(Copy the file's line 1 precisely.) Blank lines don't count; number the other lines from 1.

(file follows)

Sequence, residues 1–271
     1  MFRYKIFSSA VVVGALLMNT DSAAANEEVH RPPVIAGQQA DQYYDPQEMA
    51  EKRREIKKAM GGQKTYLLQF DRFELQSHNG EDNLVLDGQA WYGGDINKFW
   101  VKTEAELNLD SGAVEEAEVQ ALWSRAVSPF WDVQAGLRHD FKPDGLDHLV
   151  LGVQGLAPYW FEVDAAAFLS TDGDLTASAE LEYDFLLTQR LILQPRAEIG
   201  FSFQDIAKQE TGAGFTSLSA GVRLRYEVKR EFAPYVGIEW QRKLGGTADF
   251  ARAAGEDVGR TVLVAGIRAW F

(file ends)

Sequence, residues 1–271